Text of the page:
REVIEW: Into The Divine - Harbinger of Entropy

Into The Divine
Harbinger of Entropy

Death Metal is a precarious genre. Its intensity and specific sound is usually a very difficult thing to change drastically, responding best to inclusions or additions in technicality then anything else. Into the Divine, with their EP 'Harbinger of Entropy', might label themselves as 'melodic' but in actuality the band does little to follow the tropes or expectations of that subgenre. Instead, you are pretty much getting the sort of underground Death Metal experience you'd receive from a late 90's mix-tape.

The entirety of Harbinger of Entropy is sort a mixed bag. I was initially disappointed and confused following some research, in which they compare themselves to less technical bands such as In Flames, Megadeth, or even... Machinehead? Really, there isn't any of that here. Its raw, almost blackened, and extremely angry. The musical backing is very akin to oldschool Cannibal Corpse tracks and even includes a lot of strange tempo changes - tonnes of technicality in the bass (much appreciated) too, which shines more then any other instrument on this album. Clearly, Into The Divine is trying to appeal to the wrong audience, even with the bands they've played with, the band really doesn't fit too in-sync with things like Battlecross or even Septic Flesh. Fact is, Into The Divine is a white-knuckle and raw Death Metal band.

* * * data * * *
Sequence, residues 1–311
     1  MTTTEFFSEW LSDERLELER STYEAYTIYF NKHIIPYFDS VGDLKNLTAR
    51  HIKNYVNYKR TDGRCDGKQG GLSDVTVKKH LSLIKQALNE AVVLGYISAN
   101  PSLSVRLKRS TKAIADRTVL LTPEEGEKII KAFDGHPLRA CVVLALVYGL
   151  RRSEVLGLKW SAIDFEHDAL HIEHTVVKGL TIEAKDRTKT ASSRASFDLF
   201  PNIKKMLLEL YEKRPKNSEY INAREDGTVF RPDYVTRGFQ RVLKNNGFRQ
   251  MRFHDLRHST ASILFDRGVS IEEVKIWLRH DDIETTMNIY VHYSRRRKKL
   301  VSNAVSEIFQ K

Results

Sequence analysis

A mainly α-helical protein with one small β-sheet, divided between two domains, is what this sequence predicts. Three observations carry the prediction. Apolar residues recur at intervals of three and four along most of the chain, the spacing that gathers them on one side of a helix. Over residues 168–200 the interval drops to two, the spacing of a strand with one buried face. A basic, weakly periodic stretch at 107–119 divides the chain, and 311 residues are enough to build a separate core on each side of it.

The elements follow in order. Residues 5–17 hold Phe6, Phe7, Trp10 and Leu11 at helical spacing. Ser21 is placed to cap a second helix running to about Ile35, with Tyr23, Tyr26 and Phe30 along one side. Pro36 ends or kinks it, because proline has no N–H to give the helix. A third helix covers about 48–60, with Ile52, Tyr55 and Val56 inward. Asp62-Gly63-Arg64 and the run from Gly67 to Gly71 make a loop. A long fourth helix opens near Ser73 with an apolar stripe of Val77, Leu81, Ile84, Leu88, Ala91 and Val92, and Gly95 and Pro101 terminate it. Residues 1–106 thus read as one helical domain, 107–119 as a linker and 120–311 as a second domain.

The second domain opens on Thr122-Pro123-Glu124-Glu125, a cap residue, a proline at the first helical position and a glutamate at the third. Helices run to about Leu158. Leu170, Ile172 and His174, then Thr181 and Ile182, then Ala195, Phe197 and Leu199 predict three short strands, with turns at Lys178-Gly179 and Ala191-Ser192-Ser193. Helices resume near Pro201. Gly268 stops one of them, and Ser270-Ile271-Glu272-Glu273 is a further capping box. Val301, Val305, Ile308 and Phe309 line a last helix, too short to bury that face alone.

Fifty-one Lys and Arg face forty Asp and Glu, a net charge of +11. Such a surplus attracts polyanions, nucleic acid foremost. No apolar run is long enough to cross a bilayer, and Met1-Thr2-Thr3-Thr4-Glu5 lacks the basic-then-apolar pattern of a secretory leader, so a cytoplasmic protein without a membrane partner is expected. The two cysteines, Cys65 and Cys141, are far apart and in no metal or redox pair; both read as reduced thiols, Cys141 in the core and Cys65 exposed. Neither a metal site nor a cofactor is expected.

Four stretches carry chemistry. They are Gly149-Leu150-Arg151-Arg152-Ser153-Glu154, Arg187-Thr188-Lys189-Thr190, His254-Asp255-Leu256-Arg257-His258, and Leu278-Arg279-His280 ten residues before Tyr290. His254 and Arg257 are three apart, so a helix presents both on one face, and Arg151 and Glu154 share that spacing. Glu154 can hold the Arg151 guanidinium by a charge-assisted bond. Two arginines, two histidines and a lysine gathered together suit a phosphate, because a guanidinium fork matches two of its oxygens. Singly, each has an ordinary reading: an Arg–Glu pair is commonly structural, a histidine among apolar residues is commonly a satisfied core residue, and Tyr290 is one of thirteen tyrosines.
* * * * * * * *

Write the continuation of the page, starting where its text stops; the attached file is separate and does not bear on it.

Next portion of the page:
Sadly, there are some issues besides obvious miss-marketing. The first two tracks of this EP are a complete and utter disaster. The music is composed well but the pairing of vocals and actual music is horrifically bad. I honestly almost gave up on the EP until I heard 'Demons I Deceive'. From there, the whole thing picks up in almost every aspect. I'm sure there are people which would highly enjoy the off-kilter rawness and sloppiness of the initial songs but as it stands I feel they are way too amateurish.

This is for those who like more extreme styled metal. Its loud and crude but it has its merits and works about halfway through the EP. A little more work on the vocal style would have helped, a lot, but its nothing so bad as to say that the album is un-listenable - its simply not as advertised.